Street interviews: what Chinese think of white foreigners


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Finally! A job I’m supremely qualified for!



I guess that’s the kind of term that I would probably find offensive if I wasn’t so privileged that my skin color grants me social status even in places where I would be part of a small minority.


Despite the lovely folk being interviewed, I found that pretty depressing. I guess that the whole “white people on adverts” is similar to our own companies pushing a certain, unattainable form of beauty as being something to aspire to, and to spend money on continually failing to achieve.


As a person of color, I’m less ‘offended’ than I am befuddled; why the simian comparison?

I mean as opposed to words like ‘plants,’ ‘posers,’ ‘puppets,’ ‘tokens’ and any other term that describes intentionally using people of a certain demographic to foster a false illusion of diversity?

And on a deeper note: what does it say about our species that no matter what part of the world it is, there’s still always someone trying to negate someone else’s very humanity?


So we’re removing every last spec of biodiversity wherever we can find it. Sad Panda.


Have you used your fur lightener, Sad Panda? Maybe if you made more of a effort to look like the beautiful Polar Bears in the adverts, you would be a Happy Panda.


It’s absolutely mind-blowing to see young, healthy beautiful women trying to change their appearance to match those of a tiny minority in their own country. Then again, foot-binding was popular a century ago…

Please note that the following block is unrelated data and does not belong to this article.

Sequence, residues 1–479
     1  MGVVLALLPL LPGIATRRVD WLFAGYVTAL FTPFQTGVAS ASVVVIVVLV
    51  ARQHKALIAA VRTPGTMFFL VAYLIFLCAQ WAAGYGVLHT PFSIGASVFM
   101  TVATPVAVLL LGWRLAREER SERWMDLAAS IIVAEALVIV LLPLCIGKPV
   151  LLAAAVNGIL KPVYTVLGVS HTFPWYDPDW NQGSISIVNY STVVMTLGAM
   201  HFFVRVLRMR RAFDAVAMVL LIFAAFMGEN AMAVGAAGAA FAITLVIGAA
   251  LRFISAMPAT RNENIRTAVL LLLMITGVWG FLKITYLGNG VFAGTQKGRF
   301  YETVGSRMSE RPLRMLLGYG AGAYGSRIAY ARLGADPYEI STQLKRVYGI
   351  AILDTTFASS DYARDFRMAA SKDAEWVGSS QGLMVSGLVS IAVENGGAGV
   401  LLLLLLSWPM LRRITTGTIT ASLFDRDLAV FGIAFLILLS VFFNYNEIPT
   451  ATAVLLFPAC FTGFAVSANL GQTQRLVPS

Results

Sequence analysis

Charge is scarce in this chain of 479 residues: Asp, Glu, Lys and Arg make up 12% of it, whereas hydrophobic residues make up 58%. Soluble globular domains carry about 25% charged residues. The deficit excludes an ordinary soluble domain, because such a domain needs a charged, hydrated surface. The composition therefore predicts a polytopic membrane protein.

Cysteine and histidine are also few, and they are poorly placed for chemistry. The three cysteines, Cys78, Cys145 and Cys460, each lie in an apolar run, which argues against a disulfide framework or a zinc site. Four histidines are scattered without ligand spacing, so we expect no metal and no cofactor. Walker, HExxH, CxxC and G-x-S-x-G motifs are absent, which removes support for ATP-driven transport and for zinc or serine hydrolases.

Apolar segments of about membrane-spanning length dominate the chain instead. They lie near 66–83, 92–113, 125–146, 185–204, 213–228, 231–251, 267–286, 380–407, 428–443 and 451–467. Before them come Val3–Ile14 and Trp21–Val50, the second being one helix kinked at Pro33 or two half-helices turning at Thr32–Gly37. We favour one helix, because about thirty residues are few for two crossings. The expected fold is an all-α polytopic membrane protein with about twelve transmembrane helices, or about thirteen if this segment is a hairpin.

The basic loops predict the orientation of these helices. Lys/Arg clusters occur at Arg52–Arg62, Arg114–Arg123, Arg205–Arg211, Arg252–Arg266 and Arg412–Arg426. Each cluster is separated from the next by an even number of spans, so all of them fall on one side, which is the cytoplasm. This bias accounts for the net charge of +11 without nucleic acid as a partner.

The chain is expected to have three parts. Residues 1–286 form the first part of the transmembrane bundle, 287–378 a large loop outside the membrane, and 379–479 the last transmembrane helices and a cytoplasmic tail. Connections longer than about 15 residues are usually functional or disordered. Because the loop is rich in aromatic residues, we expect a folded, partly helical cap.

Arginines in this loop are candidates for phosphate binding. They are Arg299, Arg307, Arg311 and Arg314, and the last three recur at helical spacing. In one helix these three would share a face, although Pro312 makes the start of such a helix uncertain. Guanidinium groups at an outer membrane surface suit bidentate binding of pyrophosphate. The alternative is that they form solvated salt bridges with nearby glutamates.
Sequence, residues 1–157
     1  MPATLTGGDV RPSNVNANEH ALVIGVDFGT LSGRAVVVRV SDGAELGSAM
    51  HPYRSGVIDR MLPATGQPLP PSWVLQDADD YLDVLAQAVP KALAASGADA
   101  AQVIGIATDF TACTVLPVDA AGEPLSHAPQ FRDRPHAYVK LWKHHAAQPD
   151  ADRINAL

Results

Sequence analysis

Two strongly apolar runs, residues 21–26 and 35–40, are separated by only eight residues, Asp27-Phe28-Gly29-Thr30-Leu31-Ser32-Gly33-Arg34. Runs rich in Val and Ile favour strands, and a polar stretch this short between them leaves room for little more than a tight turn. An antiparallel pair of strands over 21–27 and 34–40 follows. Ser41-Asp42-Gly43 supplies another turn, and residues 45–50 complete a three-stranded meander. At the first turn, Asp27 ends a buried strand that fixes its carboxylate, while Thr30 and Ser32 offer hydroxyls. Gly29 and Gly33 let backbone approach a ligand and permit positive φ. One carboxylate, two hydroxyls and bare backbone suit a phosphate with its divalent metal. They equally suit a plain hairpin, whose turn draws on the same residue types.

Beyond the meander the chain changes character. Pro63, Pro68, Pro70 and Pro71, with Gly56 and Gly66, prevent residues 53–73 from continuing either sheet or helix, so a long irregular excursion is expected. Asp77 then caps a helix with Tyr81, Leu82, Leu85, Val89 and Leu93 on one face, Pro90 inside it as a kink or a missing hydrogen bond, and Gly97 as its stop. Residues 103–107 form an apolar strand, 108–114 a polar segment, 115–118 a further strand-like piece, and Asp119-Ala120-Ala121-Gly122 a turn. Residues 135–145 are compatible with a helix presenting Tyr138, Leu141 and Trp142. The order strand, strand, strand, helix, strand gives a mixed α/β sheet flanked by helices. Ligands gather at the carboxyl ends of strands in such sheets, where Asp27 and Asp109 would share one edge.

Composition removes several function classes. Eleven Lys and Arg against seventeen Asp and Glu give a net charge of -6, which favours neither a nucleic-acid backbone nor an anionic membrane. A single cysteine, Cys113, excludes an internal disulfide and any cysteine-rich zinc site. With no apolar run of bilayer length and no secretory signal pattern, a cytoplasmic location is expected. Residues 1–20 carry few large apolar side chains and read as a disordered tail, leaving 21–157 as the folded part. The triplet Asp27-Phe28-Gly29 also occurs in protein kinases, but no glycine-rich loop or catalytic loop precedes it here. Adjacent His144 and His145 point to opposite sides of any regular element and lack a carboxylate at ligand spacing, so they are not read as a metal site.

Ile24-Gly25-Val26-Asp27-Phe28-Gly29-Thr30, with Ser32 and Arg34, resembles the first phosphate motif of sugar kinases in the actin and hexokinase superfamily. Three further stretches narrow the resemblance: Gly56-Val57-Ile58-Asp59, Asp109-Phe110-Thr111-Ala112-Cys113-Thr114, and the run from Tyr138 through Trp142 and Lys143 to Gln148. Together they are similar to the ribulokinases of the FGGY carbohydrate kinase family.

Also, the stereotype of Caucasians as “professional, well-qualified and ambitious” which is the North American stereotype of Han Chinese turned on its head.


I found it interesting that in China, white people are considered more polite and hard working than the natives, while in the US, Chinese people are considered more polite and hard working.


Thank goodness we don’t have any of those behaviors in the West! It’s nice living in a country where people don’t chase unattainable standards for beauty or try to radically alter their appearance for social favor.


The origin appears to be from a documentary:

The practice is explored in Dream Empire, a 73-minute documentary by Denmark-based American director David Borenstein. It follows a young rural migrant, Yana, who sets up a foreigner rental agency in Chongqing to help her clients market their products and project an international image that she says people believe is reality.

“Audiences are watching you for your skin colour, not for what you are doing. It’s kind of like being a monkey in a zoo,” Borenstein told the South China Morning Post. Foreigners in his film call themselves “white monkeys” because that’s how they felt in these roles, he said

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They’re yet another example where striving for white “beauty” would actually achieve the opposite.


I remember seeing some documentary about micro-expressions. Where every culture has its own ones, and people can struggle to spot the analogues in other cultures. As a result, people from other cultures can seem to be blank or even threatening, until you get to know them.


Great. Now all pandas are going to look goth to me.


I think that people behave better when they are in a new environment and have stakes on good behavior. It may or may not be related, but my kids behave better at their friends’ houses (from the accounts of their friends’ parents, anyway…that might be faulty information)


All humans are primates.

A certain brand of popular anti-science would tenaciously deny they are anything but the descendants of pureblood lapsarian stock, but they are ones who actually denying their humanity and its connection to nature.


That is not a good PS job - they removed a big chunk of the eyelids as well as the eye markings, and that’s a lot of what makes it look weird. The panda’s eyes actually appear to be shrunken in the 'shop as well, I even measured on my screen to make sure I wasn’t being tricked visually.


Gee, you don’t say…


No, it is an excellent marketing job.